Research manager Richard Kunzman tells the story behind Insight Research Group's survey into 'Austerity Britain' through the eyes of 300 GPs:
The last four years have been tough for everyone. Although we assumed that increased workloads and financial worries had affected the nation’s health to a certain extent, we wanted to hear from GPs about what they believed was happening on the ground based on their daily experiences in their practices.
The results are particularly insightful and show the extent to which the economy is not only affecting the average person on the street but also the GPs that treat them.
The GPs we surveyed felt that worries over financial security coupled with many people working longer hours have raised our stress levels. This has not only led to an increase in various mental health disorders but has also influenced other aspects of our life and wellbeing – from family planning through to levels of exercise.
The middle class has been especially affected by the turbulence of the economic recession – amongst all of the conditions that were investigated, GPs routinely associated the increases they’ve seen with middle Britain. But these pressures are not limited to one demographic either – married women and single women were both as likely to request a termination due to financial concerns.
It’s a particularly tough challenge for time-poor GPs who are faced with many patients who just need someone to talk to. Their only real option in the immediate term is to prescribe medication, which of course is rarely the solution.
Here are the top findings according to Insight Research Group’s survey of 300 UK GPs:
• 76% said they believed the economic climate of the last four years has had a negative impact on their patient’s health
• 77% felt there had been an increase in new cases (since 2008) of mental health disorders linked to the stresses of the economic climate. Of those 231 UK GPs:
o 46% thought the greatest increase was in depression
o 54% felt the greatest increase was in anxiety disorders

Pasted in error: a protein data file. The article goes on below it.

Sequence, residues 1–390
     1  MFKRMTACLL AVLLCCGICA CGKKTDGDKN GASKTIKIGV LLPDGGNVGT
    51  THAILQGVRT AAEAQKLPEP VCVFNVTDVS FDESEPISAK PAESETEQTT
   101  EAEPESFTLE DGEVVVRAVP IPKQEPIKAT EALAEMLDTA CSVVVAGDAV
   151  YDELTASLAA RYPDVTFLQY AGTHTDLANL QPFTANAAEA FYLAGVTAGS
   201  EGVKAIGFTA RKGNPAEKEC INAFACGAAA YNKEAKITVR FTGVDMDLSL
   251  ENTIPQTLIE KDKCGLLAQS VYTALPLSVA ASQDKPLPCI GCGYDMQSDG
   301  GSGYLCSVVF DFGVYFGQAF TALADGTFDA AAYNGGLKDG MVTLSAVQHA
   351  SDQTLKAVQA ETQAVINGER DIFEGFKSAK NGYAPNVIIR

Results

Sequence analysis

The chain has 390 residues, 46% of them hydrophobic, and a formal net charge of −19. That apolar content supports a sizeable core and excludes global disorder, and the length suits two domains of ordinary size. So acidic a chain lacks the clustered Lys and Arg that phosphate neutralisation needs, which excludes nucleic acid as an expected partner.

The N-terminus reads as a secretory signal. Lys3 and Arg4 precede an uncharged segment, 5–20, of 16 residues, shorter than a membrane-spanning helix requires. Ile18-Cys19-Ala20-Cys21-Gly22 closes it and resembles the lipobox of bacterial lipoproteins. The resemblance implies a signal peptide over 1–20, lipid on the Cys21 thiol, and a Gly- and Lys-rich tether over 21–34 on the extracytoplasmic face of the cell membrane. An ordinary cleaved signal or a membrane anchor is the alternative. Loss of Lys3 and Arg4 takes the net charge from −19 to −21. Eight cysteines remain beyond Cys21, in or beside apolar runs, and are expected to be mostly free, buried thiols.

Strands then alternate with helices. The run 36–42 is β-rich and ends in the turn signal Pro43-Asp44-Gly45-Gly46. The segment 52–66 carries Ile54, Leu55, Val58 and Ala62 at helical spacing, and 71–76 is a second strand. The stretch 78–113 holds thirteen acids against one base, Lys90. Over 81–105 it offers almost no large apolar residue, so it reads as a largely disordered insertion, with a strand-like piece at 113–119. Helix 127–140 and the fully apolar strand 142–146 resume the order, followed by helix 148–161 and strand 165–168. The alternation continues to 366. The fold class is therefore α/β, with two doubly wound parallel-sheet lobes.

o 83% said mental health conditions have had an impact on their practice
• 64% felt patients are drinking more alcohol
• 77% said they believed more of their patients are working longer hours due to concerns about job security
• 62% felt they had seen an increase in the number of DLA (Disability Living Allowance) applications for patients who appear to be more in financial distress than in genuine need of support as a result of their health condition
• 38% believed more of their patients who are smokers are quitting or reducing the number of cigarettes they smoke to save money.
• 60% felt that more patients are cancelling sporting activities (gym memberships etc) to save money
• 34% believed there had been an increase in patients putting off starting a family until their financial security improves
• 17% felt there had been an increase in patients specifically requesting terminations of pregnancies due to concerns about financial security
Whose health has been worst affected in the recession?
• The greatest increase in new cases of mental health disorders as a result of the economic downturn is believed to be amongst those aged between 36 to 45 (49%), and those who have kids and are married or living with their partner (58%)
• When it comes to gender breakdown, GPs believed there to be higher increases of depression, anxiety and alcohol abuse amongst men
• The only condition where GPs felt women experienced the greatest increase in new cases since the 2008 recession is Irritable Bowel Syndrome (66% versus 19% in men)
The survey gathered the opinions of 300 GPs from across the UK about how Britain’s health has been affected by the turbulent economy since 2008 based on their experiences with patients. In addition, the research included over 40 in-depth qualitative interviews undertaken through Insight’s online GP community, e-Village. To differentiate between general health trends and specifically the impact of the economic recession, GPs were asked to only consider those instances where patients linked their behaviours and/or conditions with financial hardship or concerns about job security during their health visit.